U.S. & WORLD NEWS

Germany: Former Nazi guard, 101, jailed for aiding murder

BERLIN (AP) — A 101-year-old man was convicted in Germany of more than 3,500 counts of accessory to murder on...

G-7 leaders united behind Ukraine, aim at Kremlin oil money

ELMAU, Germany (AP) — Leaders of the world’s biggest developed economies said Tuesday they would explore...

Fire kills 51 after apparent riot attempt at Colombia prison

BOGOTA, Colombia (AP) — A fire at a prison in southwestern Colombia has killed at least 51 people and injured a...

Live updates | UK urges NATO allies to up defense spending

MADRID (AP) — The Latest on the G-7 summit, the annual meeting of the leading democratic economies, which this...

Navalny appeal rejected; another Kremlin critic jailed

MOSCOW (AP) — A Russian court has rejected an appeal by imprisoned opposition leader Alexei Navalny, who...

G-7 aims to create club of nations to boost climate action

BERLIN (AP) — Members of the Group of Seven major economies pledged Tuesday to create a new " climate club " for...

By Michael Martinez CNN


The acquittal of George Michael Zimmerman, 29, means he's a free man and will be able to walk out of the courthouse because he's no longer in police custody. 

He will be free, if he chooses, to leave Seminole County, Florida. But one of his attorneys, Mark O'Mara, has said that Zimmerman is a marked man and lives in fear for his life.

 

In fact, during court proceedings, Zimmerman didn't disclose where he had been residing for more than a year, and he dared to venture outdoors only when in disguise. Zimmerman also wore body armor.

 

"I believe his life is at risk, and I don't say that for dramatic effect," O'Mara said before the verdict. "There are a lot of people who think George killed Trayvon Martin for racial reasons, even though nothing supports that. And if they feel that anger enough, they could react violently."

 

It's doubtful that Zimmerman would be able to return to his pursuit of a career in law enforcement. He was enrolled in Seminole State College at the time of the February 26, 2012, shooting.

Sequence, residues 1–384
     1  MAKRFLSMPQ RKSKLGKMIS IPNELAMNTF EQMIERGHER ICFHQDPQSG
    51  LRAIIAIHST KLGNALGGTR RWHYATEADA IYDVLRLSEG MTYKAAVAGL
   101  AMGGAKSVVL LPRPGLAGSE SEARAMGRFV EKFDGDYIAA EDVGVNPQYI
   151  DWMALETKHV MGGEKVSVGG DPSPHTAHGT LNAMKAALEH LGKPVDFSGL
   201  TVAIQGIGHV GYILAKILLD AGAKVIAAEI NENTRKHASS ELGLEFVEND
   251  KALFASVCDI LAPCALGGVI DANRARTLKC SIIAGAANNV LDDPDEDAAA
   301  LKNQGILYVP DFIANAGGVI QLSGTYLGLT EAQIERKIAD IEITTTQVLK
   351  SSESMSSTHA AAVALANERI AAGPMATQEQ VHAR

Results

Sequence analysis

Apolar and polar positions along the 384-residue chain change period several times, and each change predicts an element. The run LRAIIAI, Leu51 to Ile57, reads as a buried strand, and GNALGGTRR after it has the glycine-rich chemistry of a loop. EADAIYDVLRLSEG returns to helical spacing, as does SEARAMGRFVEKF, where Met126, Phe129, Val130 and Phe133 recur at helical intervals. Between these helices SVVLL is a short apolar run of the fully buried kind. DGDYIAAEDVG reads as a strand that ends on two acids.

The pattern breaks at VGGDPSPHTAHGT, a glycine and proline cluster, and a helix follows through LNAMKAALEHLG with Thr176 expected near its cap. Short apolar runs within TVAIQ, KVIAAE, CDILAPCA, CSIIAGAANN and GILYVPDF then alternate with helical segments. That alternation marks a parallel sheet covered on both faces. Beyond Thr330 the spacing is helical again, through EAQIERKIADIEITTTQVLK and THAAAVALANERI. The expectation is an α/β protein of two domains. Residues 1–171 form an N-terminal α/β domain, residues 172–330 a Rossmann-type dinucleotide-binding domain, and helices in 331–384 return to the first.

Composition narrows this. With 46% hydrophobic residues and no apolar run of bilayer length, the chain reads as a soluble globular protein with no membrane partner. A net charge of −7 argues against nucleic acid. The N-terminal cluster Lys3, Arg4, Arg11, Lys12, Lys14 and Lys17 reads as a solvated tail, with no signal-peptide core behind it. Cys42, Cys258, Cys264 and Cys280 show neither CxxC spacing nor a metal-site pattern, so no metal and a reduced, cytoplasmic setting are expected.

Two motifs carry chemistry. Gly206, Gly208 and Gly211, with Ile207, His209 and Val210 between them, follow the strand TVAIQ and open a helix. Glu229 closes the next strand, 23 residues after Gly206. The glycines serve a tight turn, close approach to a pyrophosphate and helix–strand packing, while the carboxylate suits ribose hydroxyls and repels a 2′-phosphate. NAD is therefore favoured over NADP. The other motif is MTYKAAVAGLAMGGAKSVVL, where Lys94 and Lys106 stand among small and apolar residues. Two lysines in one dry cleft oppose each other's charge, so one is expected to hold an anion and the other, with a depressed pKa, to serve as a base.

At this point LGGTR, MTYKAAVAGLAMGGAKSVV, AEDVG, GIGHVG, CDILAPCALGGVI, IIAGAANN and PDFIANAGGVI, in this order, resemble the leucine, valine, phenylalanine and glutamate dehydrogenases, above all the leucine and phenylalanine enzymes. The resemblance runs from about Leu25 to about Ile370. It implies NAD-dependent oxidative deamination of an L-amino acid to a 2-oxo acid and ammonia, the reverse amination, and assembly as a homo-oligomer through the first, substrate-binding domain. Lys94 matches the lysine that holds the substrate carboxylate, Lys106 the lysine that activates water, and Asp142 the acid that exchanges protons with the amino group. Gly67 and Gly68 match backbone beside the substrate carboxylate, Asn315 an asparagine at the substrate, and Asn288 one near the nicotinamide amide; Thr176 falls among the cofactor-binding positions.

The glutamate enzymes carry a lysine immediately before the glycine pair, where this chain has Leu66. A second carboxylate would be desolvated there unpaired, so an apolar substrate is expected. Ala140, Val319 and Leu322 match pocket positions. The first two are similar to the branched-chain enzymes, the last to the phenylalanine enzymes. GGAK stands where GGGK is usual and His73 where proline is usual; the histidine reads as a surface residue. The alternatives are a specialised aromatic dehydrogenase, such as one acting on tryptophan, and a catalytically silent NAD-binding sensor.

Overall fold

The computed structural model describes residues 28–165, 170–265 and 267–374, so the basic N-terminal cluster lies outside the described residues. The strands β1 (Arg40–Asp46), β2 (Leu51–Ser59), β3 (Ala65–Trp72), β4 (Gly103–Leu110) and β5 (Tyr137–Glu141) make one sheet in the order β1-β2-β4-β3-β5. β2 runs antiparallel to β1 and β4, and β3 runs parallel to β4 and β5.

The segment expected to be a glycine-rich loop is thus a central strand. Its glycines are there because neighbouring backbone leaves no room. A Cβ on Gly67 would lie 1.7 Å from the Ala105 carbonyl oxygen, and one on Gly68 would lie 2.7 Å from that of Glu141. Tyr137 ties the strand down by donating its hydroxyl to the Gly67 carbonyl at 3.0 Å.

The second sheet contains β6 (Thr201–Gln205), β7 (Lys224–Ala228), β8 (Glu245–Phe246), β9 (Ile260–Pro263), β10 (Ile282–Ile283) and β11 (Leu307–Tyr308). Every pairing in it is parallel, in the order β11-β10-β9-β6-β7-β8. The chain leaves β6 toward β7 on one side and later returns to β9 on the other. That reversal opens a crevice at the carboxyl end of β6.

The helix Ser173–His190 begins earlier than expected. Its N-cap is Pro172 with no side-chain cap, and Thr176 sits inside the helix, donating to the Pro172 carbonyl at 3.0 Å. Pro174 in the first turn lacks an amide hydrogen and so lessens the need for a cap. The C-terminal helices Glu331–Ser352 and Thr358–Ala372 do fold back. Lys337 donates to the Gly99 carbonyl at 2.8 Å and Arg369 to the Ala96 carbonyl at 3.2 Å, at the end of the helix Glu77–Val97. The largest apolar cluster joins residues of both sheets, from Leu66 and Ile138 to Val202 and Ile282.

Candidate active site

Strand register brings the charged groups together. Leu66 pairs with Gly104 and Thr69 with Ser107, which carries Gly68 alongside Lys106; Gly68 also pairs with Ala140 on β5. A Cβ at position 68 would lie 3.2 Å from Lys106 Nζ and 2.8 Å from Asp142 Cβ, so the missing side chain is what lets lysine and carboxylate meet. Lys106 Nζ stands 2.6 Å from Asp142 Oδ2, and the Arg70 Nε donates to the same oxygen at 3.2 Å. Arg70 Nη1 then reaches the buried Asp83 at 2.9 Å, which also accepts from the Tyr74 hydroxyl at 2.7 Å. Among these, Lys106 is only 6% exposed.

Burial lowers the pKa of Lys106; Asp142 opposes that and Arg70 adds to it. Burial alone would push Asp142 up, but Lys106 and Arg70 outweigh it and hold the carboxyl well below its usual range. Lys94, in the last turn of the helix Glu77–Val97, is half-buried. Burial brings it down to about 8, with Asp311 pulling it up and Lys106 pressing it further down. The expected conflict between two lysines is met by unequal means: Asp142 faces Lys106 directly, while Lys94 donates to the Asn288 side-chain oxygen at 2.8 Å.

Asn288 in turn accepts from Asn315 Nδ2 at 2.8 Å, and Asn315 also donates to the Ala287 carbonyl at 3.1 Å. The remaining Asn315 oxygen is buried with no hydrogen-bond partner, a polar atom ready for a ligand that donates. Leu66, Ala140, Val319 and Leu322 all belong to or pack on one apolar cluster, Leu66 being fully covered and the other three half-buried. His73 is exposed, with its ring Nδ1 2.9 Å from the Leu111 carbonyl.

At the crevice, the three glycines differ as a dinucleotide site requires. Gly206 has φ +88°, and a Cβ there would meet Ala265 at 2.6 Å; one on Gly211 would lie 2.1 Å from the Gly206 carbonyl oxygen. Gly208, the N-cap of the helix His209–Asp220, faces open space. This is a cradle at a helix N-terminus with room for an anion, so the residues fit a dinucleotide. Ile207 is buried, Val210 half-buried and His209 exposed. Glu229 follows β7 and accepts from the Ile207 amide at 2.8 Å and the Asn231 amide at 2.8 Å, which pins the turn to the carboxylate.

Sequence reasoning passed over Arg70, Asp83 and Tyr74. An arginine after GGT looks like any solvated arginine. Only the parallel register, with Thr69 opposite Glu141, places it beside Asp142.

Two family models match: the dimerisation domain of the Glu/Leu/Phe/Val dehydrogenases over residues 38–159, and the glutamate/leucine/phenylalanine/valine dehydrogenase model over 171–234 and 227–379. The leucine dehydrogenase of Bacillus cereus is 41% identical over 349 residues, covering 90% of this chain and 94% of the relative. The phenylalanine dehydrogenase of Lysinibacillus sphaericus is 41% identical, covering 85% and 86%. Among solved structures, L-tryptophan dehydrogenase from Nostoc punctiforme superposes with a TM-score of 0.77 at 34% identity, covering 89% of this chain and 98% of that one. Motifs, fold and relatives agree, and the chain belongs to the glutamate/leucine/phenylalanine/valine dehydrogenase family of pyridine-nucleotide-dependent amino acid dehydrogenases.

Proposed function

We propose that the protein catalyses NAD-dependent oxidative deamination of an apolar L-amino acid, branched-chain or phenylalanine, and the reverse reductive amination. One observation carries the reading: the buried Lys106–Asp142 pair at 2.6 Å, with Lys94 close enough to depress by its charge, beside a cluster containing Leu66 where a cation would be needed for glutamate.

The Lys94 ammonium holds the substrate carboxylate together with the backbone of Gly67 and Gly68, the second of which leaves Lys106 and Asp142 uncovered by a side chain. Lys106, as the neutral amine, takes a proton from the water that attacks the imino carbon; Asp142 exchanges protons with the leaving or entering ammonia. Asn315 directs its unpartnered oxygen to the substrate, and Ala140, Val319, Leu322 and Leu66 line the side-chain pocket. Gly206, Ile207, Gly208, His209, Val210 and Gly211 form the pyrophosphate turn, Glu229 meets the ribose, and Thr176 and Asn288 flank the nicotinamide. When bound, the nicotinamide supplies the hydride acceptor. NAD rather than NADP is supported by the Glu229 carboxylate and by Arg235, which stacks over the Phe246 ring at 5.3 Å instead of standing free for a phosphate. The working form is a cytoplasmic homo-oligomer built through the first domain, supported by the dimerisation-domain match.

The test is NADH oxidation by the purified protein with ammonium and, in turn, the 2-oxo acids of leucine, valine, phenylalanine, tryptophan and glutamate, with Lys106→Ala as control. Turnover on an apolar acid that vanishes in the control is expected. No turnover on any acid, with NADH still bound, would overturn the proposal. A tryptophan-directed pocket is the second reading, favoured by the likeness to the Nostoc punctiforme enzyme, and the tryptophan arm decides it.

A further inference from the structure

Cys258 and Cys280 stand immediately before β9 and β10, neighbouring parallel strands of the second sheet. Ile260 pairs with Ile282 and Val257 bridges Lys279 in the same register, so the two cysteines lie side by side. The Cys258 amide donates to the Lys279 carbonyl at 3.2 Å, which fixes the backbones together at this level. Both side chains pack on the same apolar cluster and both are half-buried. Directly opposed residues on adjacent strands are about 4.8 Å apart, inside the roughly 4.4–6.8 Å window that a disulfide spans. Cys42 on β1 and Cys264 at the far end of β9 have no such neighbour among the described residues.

One expert advised against such a plan for Zimmerman.

 

"That is the absolute worst thing you can do," said Mike Paul, a reputation management counselor in New York. "It might be your old passion. My advice would be, you need to find a new passion. And it needs to be helping people in a very different way, a way that is much more compassionate, not just involving law enforcement."

 

Zimmerman -- who is married but has no children -- may choose to resume his career in mortgage insurance or in an undergraduate education.

 

It remains to be seen whether his post-acquittal life could parallel that of another high-profile defendant found not guilty: Casey Anthony, the Florida woman accused of killing her 2-year-old daughter in 2008.

 

"You never know who the nuts are or where they are," said Cheney Mason, a defense attorney for Anthony. "There are still people that threaten me."

 

Mason acknowledged that when the court of public opinion deems a defendant guilty, life can be very difficult.

 

Zimmerman apparently enjoys support from his parents and immediate family, some of whom testified in his defense.

 

He has been able to pay for his defense by raising thousands of dollars from the public.

 

But crisis public relations manager Gene Grabowski said Zimmerman must tread carefully when accepting further public money.

 

"He's got to be careful to avoid the appearance of creating more divisions by accepting money or support openly from groups that maybe that would create more friction because of the tenor of this case," Grabowski said. "He's got to be careful about who he associates with afterwards, even if they are offering financial support."

 

The three-week trial ignited a national debate about race relations. Martin, an African-American high school student, was walking through a gated community in Sanford, Florida, to his father's fiancee's house when a confrontation occurred between him and Zimmerman.

 

Zimmerman, a neighborhood watch captain, called 911 to report "a suspicious person" in the neighborhood. Despite the dispatcher's instructions not to get out of his vehicle, Zimmerman exits his SUV, and an exchange unfolded between Martin and Zimmerman.

 

Neighbors heard a single shot fired. Zimmerman asserted he shot Martin in self-defense as Martin beat his head against the concrete sidewalk. Zimmerman, who describes himself as Hispanic, has a Peruvian mother and white American father. He has been free on bail since last July.

 

Initially, Sanford police didn't charge Zimmerman because they said they had no grounds to disprove his account.

 

Led by Martin's family, a public uproar ensued, in which even President Barack Obama remarked that the incident required "soul-searching."

 

Then, almost two months after the shooting, a special prosecutor charged Zimmerman with second-degree murder.

Jan. 6 Committe Hearings - Day 6

A suprise hearing with newly discovered evidence will be held Tuesday, June 28 at 9:45 a.m. PT (12:45 p.m. ET).